Touching, original stories of five concentration camp survivors
The deepest place in memory
How did he end up in a concentration camp? he is asked at every meeting. “Through stupidity!”
He escaped from Germany, escaped from Wrocław, even scarpered off from his father’s house when the Germans tracked him down. But he had no chance of escaping from the shop on Tomasz Street when he went to visit a friend.
The Gestapo visit the shop.
“Is Karol Tendera here?” asks a man in a coat. “No,” answers Stanisław, the shop assistant.
And at that moment Karol enters. He opens the door and holds the door open for the man who wants to know. Stasiu, his mate from the shop, seemed not to understand what was happening. He says aloud: “Karol, this gentleman’s looking for you.”
That was enough. It was all over. “Gestapo, please follow me.”
The car sets off for the prison on Montelupich Street.
After a month of interrogation, they transport him from Krakow to the camp in a pickup truck. February, fifteen degrees below zero. In the cab: three Germans, the driver and two SS-men. And two at the back as well. In the back: fifteen prisoners kneeling down. Hungry, freezing. They keep each other warm. They don’t know what’s in store for them.
They finally drive up to the gate with the inscription Arbeit macht frei. By means of a welcome the guards hit the newcomers with rubber hoses full of sand. Karol tries to avoid the beating – he hides behind the backs of older, taller men.
Chased into the camp bathhouse they receive a lump of grey soap with the inscription RIF. His friends deci- pher the abbreviation. Reines Jüdische Fett, or ‘pure Jewish fat’, but Karol isn’t certain if it really stood for something so horrifying. The kapos responsible for the procedure of washing the prisoners run streams of hot water. First, they shout: “Raus! Raus! Raus!”, then in Polish:
“Get out! Get out.”
They don’t receive towels after washing. They go straight into the yard from the bathhouse. They stand up to their knees in the snow, shaking from the cold. Half of them die of pneumonia in the first few weeks. The strongest, the most hardened survive, ruthlessly fighting for their lives.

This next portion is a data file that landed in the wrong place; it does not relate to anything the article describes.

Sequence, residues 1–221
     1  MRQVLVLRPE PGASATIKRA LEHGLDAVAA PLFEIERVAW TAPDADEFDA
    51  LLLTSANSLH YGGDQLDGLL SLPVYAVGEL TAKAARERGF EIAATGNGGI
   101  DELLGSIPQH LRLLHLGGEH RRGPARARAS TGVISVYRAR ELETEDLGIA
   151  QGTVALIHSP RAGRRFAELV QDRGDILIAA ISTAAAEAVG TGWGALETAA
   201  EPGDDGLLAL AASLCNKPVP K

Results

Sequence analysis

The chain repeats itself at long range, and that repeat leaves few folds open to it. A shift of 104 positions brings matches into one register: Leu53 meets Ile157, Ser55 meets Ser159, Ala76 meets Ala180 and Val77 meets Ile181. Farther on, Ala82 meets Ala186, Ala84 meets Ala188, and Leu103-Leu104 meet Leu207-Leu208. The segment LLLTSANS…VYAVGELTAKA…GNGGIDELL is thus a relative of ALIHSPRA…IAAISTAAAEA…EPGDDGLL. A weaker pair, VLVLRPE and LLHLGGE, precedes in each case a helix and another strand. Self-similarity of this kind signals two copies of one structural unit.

“An enslaved person,” Karol will say years later, “is like plasticine in a child’s hands. You can do what you like with them.”
Karol is sent to work building railway lines. Eight to ten prisoners transport rails attached to slings. They screw the sections onto wooden sleepers. Undernourished, young, weak. Rivers of sweat pour off them. Some of them faint.
After a few days, one of his companions – his name is Michał, he’s taciturn, introverted – cracks. He says to Karol:
“I have to have a drink or at least splash myself down.”
Excerpt translated by David French
Touching, original stories of five concentration camp survivors
Here one lives three months at most”, is what the characters of Goodnight, Auschwitz hear when they cross the gate with the Arbeit macht frei inscription. The gate leads to hell, and as the book by Aleksandra Wójcik and Maciej Zdziarski shows, stretches to its very bottom, to Auschwitz, the Nazi German concentration and extermination camp in occupied Poland during the Second World War.
Children who cry are risking their lives. Hunger and diseases transform prisoners such that even their family or friends do not recognise them. Here death is not a disaster but the norm. The crematorium smokes. The heroes of the reportage are five prisoners who survived the Nazi German Auschwitz camp. Józef Paczyński, Marceli Godlewski, Lidia Maksymowicz, Karol Tendera and Stefan Lipniak. They differ in age, length of stay in the camp and forms of terror they experienced. But they have one thing in common – they were at the bottom of a terrible hell. In the pages of the book, they create a picture of an unimaginable world. Lydia was three years old. She mastered the practice of hiding from Dr. Mengele, who carried out medical experiments on children. The book contains plenty of such harrowing stories, but they do not overdo the brutality. Drastic descriptions are presented very neutrally. Coldly. Without emotions. As a result, they are even more moving. “About two thousand people can be killed in a gas chamber in a dozen or so minutes”; “People are enslaved like plasticine. You can do anything with them”. But experiences from the Nazi German camp are one thing, and life after liberation is another. The heroes live to old age. They live the need to bear witness. They rave in illnesses, returning to their camp memories. A few of them die before the book appears in bookstores. Their stories, however, live and are a warning to us.
We must read this book so that we never forget what the effects of human hatred are.
Sylwia Krasnodębska, translated by Katarzyna Popowicz
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